St. Croix golf trip hits sweet spot for Moyers


April 27, 1994|By Tom Keegan | Tom Keegan,Sun Staff Writer

Major-league ballplayer flies to the tropics, plays in a charity golf tournament, has a relaxing vacation, heads home with a nice tan. Life goes on.

That's the way it's supposed to work anyway.

For the Moyers, Orioles left-hander Jamie and wife Karen, a trip to the Virgin Islands last winter involved so very much more.

The annual golf tournament benefits a children's home in St. Croix, a home for children who have been abandoned, been orphaned or could not be financially supported by their parents.

Jamie and Karen walked into the playroom at the home to visit the children. One girl took an immediate liking to Karen, clung to her, followed her everywhere, cried when she left the room.

"They just bonded right away," Jamie said.

The Moyers are in the process of trying to adopt Cassie, the 3 1/2 -year-old girl from the children's home in St. Croix, the only home she ever has known.

"It's hard to adopt a child from outside the country," Jamie said. "We're trying the best we can. We've been going through the process since December."

For the time being, the Moyers are sponsoring the child while waiting to hear whether she will be able to welcome Dillon and Hutton as her new siblings, Jamie and Karen as her parents.

"It's funny," Moyer said. "You go down there thinking it's going to be a big vacation."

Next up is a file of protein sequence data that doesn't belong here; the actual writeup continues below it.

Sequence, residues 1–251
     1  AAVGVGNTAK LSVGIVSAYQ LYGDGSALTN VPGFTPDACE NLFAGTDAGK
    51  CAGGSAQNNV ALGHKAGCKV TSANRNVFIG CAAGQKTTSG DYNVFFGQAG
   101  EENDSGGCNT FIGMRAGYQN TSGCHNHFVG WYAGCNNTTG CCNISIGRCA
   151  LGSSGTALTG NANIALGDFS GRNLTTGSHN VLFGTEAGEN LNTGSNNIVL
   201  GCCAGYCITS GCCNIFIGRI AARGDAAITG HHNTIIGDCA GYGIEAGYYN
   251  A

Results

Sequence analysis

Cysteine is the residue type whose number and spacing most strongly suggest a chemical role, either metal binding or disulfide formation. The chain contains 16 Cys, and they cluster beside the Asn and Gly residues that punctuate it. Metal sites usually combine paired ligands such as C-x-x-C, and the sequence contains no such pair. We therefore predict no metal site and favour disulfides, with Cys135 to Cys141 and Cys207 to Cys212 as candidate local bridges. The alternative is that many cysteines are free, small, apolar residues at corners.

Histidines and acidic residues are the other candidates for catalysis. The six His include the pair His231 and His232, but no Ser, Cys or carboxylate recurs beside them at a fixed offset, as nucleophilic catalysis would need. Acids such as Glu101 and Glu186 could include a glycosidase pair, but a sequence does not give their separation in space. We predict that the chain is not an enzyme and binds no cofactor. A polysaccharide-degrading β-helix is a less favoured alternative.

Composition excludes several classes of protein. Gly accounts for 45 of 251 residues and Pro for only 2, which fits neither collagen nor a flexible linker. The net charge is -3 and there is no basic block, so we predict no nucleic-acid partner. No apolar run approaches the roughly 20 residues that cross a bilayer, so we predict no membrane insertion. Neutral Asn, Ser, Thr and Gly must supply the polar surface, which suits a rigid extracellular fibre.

At the same tournament, Moyer befriended Seattle Mariners left-hander Randy Johnson.

Shortly after the holidays, Moyer learned that Gregory Chaya, the 3 1/2 -year-old, leukemia-stricken boy he and Karen befriended last year, had been transferred to a hospital in Seattle, one that specializes in repeat bone marrow transplants.

Not knowing where else to turn, Moyer called Johnson to see whether he could help in arranging transportation for the Chaya family. Johnson made an appearance at an automobile dealership in exchange for a van for the Chaya family.

He also visited Gregory in the hospital and presented him with the ball from his first strikeout this season.

"Randy's a great person," Moyer said. "I'm really impressed with all he's done off the field. To me, it's so important that we as athletes take advantage of our position as role models. We're looked up to by children, and it's important for us to take that seriously."

Don't mess with McLemore

Mark McLemore has worked out under the direction of Phoenix-based martial arts expert Mack Newton the past two winters.

"There are some things I can do that I didn't used to know," McLemore said.

Of course, he wouldn't use them on anyone, would he?

"Just don't make me mad," he said with a smile.

The purpose of working out under Newton had nothing to do with self-defense or learning martial arts moves, McLemore said.

"It was conditioning, just conditioning," McLemore said. "I got myself into as good a shape as I've ever been in physically and mentally."

The regimen called for five two-hour workouts per week.

"You're moving all the time," he said. "It's a very intense workout. I was never out of shape. I was always in baseball shape. But there is a difference between baseball shape and the kind of shape I'm in now."

Vince Coleman, Chili Davis, Bo Jackson and Devon White are among the other major-leaguers who participated in the workouts.

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